Search and discovery
The ship was located by the Columbus-America Discovery Group of Ohio, led by Tommy Gregory Thompson, using Bayesian search theory. A remotely operated vehicle (ROV) was sent down on 11 September 1988. Significant amounts of gold and artifacts were recovered and brought to the surface by another ROV built specifically for the recovery. The total value of the recovered gold was estimated at $100–150 million. A recovered gold ingot weighing 80 lb (36 kg) sold for a record $8 million and was recognized as the most valuable piece of currency in the world at that time.
Thirty-nine insurance companies filed suit, claiming that because they paid damages in the 19th century for the lost gold, they had the right to it. The team that found it argued that the gold had been abandoned. After a legal battle, 92% of the gold was awarded to the discovery team in 1996.
Thompson was sued in 2005 by several of the investors who had provided $12.5 million in financing, and in 2006 by several members of his crew, over a lack of returns for their respective investments. Thompson went into hiding in 2012. A receiver was appointed to take over Thompson's companies and, if possible, salvage more gold from the wreck, in order to recover money for Thompson's various creditors.
In March 2014, a contract was awarded to Odyssey Marine Exploration to conduct archeological recovery and conservation of the remaining shipwreck. The original expedition had only excavated "5 percent" of the ship.
Other successful treasure recoveries include:
- Staff (6 November 1857). "Steamship Disasters". Olney Times (reprint from "Journal of Commerce"). Retrieved 2015-07-26 – via Newspapers.com.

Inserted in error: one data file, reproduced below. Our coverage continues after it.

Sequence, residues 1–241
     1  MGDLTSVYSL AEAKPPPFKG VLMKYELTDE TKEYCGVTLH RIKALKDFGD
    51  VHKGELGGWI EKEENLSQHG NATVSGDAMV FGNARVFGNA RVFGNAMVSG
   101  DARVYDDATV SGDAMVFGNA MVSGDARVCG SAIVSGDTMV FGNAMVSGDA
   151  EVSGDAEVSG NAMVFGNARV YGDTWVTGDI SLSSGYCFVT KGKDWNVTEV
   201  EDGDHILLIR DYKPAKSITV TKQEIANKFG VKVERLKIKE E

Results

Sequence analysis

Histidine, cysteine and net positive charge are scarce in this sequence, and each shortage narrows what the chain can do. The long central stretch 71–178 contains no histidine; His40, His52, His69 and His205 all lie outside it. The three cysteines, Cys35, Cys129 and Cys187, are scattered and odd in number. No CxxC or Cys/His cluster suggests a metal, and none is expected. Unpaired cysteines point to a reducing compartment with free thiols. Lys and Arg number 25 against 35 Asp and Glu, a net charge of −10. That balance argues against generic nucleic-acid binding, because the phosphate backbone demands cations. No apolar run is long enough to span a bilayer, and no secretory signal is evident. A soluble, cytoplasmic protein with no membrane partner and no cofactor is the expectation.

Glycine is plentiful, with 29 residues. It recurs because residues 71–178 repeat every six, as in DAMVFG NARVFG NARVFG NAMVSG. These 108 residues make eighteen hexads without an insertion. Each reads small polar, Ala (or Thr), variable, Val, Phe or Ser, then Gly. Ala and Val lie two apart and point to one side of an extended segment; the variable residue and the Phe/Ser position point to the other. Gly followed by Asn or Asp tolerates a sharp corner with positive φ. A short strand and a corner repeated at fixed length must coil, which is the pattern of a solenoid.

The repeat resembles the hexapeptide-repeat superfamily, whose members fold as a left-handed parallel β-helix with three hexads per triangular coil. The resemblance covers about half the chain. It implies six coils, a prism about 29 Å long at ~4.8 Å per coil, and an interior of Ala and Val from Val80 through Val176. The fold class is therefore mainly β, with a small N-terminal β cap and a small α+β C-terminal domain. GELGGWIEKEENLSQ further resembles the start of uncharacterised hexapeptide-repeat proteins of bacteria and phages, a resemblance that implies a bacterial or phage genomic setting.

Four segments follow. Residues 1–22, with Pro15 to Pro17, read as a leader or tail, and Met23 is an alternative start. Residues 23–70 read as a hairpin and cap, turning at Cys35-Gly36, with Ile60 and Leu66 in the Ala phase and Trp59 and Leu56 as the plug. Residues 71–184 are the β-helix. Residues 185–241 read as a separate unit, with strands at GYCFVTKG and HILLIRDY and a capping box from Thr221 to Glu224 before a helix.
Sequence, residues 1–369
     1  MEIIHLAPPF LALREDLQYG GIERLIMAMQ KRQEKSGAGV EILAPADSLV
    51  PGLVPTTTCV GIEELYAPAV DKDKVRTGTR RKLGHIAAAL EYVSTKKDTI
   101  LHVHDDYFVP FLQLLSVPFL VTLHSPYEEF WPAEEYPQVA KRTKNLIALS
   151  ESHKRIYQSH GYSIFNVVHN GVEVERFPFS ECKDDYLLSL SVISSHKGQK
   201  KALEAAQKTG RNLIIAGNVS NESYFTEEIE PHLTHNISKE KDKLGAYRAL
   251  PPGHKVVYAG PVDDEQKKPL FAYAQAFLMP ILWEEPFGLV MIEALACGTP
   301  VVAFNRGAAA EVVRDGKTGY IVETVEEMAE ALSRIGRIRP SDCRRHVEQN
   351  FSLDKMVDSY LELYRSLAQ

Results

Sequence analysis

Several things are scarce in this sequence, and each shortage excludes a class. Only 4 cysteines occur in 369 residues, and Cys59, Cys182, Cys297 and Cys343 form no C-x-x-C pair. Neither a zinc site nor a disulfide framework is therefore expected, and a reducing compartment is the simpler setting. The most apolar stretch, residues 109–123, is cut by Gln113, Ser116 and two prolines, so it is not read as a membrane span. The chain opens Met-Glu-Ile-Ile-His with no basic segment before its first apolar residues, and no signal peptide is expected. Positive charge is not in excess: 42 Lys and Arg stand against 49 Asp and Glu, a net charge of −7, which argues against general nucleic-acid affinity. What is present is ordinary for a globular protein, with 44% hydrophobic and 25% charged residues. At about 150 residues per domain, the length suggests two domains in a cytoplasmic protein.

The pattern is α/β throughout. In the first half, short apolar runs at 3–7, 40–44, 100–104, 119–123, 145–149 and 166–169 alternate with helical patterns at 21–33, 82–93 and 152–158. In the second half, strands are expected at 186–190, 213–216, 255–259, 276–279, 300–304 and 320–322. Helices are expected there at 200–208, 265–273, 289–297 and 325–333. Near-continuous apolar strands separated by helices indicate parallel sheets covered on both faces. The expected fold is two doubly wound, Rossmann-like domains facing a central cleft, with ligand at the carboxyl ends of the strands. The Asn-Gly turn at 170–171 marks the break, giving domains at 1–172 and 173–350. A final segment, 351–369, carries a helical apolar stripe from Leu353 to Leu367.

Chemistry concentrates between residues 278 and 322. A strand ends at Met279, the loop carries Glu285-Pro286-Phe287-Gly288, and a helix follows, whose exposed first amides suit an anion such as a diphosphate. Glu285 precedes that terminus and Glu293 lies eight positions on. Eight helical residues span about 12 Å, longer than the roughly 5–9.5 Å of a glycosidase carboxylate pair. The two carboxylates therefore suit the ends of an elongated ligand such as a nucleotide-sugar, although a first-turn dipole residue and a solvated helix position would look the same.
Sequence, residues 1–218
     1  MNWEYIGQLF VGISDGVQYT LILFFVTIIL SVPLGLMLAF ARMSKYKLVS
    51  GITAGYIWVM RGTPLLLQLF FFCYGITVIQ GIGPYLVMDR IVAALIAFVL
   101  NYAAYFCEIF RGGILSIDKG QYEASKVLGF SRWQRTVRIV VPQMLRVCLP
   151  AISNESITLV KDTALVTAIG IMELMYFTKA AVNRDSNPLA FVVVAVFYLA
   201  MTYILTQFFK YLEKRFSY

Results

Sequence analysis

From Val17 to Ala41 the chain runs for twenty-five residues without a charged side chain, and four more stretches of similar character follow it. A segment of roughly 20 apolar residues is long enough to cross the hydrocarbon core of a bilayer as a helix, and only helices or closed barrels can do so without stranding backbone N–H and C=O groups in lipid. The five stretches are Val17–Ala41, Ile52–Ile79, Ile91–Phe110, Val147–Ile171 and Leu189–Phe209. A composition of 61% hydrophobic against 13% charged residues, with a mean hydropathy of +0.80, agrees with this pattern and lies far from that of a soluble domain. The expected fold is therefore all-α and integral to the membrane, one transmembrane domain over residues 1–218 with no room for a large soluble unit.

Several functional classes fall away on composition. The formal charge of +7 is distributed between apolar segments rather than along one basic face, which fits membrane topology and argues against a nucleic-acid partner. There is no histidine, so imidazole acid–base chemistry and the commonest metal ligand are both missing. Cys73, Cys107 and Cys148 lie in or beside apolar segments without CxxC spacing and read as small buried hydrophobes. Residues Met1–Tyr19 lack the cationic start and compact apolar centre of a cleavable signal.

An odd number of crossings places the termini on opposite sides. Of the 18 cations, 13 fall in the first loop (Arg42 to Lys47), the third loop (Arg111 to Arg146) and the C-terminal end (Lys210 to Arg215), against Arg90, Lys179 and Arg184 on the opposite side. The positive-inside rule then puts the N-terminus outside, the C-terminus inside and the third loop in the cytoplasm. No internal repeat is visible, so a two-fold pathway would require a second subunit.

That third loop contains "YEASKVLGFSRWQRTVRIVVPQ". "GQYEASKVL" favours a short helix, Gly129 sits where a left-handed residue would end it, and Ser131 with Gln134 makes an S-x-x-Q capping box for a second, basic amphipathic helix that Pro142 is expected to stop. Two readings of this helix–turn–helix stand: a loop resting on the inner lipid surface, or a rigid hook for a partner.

- Kinder, Gary. "Ship of Gold in the Deep Blue Sea". New York: Atlantic Monthly, 1998. Print.
- Anastasia Hendrix, Chronicle Staff Writer (9 November 2001). "Gold Rush brick sells for $8 million / 80-pound ingot bought by executive". SFGate. Retrieved 31 December 2015.
- Lee Myers, Amanda (13 September 2014). "Feds chase treasure hunter turned fugitive". USA Today. AP. Retrieved 13 September 2014.
- Gray, Kathy (29 May 2014). "Judge appoints receiver in gold-ship lawsuit". Columbus Dispatch. Retrieved 13 September 2014.
- "US fugitive treasure hunter appears in Florida court". BBC. BBC News. 29 January 2015. Retrieved 30 January 2015.
- Phillip, Abby. "How treasure hunter Tommy Thompson, 'one of the smartest fugitives ever,' was caught". The Washington Post. Retrieved 2015-12-31.
- "Odyssey Marine Exploration to salvage gold from 1857 shipwreck". Tampa Bay Times. 5 May 2014. Archived from the original on 6 May 2014.
- Kinder, Gary. (1998). Ship of Gold in the Deep Blue Sea. Atlantic Monthly Press. ISBN 0-87113-717-8
- Thompson, Tommy. (2000). America's Lost Treasure. Atlantic Monthly Press. ISBN 0-87113-732-1
- Klare, Norman. (1991 and 2005). The Final Voyage of the Central America, 1857: The Saga of a Gold Rush Steamship. ISBN 0-87062-210-2 and ISBN 0-9764403-0-X
- Stone, Lawrence D. Search for the SS Central America: Mathematical Treasure Hunting. Technical Report, Metron Inc. Reston, Virginia.
- Final Voyage of the Central America by Normand E. Klare 1982 Second Edition
- America's Lost Treasure: The Wreck of the SS Central America
- The Central America Engulphed (sic) in the Ocean
- Wreck of the Central America
- "The Central America: Further of the Disaster", New York Times, 23 Sept 1857
- – "Detailed and Very Interesting Statement of Captain Badger" and "Protest of the Surviving Officers"
- NOAA list of deadliest hurricanes